Restructuring can only work with National Assembly ― Tambuwal
The current effort at the restructuring of the country can only succeed if it is routed through the National Assembly, Sokoto State governor, Aminu Tambuwal, has affirmed.
He averred that the agitation must be through the National Assembly as amendments to the 1999 constitution.
Speaking at the opening plenary of the 26th Nigerian Economic Summit tagged “Building partnerships for resilience” Tambuwal said the nation must avoid a repeat of the mistake of 2015 when a robust attempt by the House of Representatives to amend the constitution was rejected at last minute.
He said: “As it were at the moment, whatever you are going to do about the constitution, has been prescribed by the constitution, how you are going to do it, the Grundnorm,” he said pointing out that “the constitution has prescribed how a word in that constitution is going to be amended.
“Except of course we are saying we are going to jettison the National Assembly and the State Assemblies, in getting it done, which is not possible,” he added.
Tambuwal further stated: “You can only do that through the introduction of bills at the National Assembly, debates at the National Assembly, public hearings and getting the concurrence of the 36 States Houses of Assemblies.”
He said this was what the House of Representatives did in 2015 when it elaborately debated the issues after Nigerians had first debated them and their views collated and synthesised into an Act that was presented to President Jonathan for assent.
The Sokoto governor recalled that President Obasanjo and President Jonathan’s constitutional conferences failed because their Resolutions were not translated into legislation.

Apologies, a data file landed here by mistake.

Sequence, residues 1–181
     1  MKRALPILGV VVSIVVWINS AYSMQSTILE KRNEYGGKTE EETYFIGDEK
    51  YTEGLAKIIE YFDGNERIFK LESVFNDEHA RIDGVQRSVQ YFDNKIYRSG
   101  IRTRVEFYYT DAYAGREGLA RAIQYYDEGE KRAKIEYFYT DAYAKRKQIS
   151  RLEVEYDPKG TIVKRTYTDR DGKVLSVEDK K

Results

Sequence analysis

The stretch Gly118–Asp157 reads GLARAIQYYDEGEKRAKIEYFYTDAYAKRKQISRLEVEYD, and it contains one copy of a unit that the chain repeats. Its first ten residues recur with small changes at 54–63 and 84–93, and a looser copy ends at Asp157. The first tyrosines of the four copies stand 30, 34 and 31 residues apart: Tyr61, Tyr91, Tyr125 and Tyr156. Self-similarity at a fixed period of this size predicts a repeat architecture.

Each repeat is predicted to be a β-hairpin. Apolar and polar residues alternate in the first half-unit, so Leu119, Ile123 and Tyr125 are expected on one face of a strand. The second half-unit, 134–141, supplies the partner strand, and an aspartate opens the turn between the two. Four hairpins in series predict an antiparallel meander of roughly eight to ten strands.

He further said: “So you cannot go outside of the constitution to amend the constitution, so we better came to terms with this realisation and agree to come together and agree on how best we can work together to achieve what the nation desires.”
“In that effort that we made, we attempted to reduce the items we have in the exclusive legislative list and move them to the concurrent legislative list, things like power, power generation and distribution, railway and a host of others to move them because we realised their importance to sub-national development.
“Because as it is today you have to get the permission of the Federal Government to generate, transmit and distribute power, but if you amend the constitution and move that item to the concurrent legislative list, a state like Sokoto may begin the process of establishing a solar plant with the capacity to generate say 20 – 30 Megawatts of electricity and set up another hydro plant and have a mix of power generation that can generate up to 60 Megawatts of electricity enough to power the entire state,
“So, also with railways, if you take it off the exclusive legislative list, states or zones in terms of the 6 geopolitical zones that we have in the country, may come together and establish railway for their people
“We also removed policing from the exclusive legislative list to the concurrent legislative list, which would have allowed states by now to have state police but as it is now you cannot have state police without a constitutional amendment.
“What we did then was a multifaceted approach to address the lists of challenges Nigeria was facing as at that time in terms of security, power, central and general development,
“Even by removing the issues that had to do with basic education and primary healthcare from chapter 2 that is not justiciable to chapter 4 that is, were landmark decisions that were all made by the 7th House of Representatives to make things easy and possible for implementation by sub-national and Federal Governments.”
Tambuwal said the proposed amendments were still on paper and present a way out for the nation at this time.
“Yes, a way out, for now, will be to get the bill and re-present it to the present National Assembly for enactment,” he said.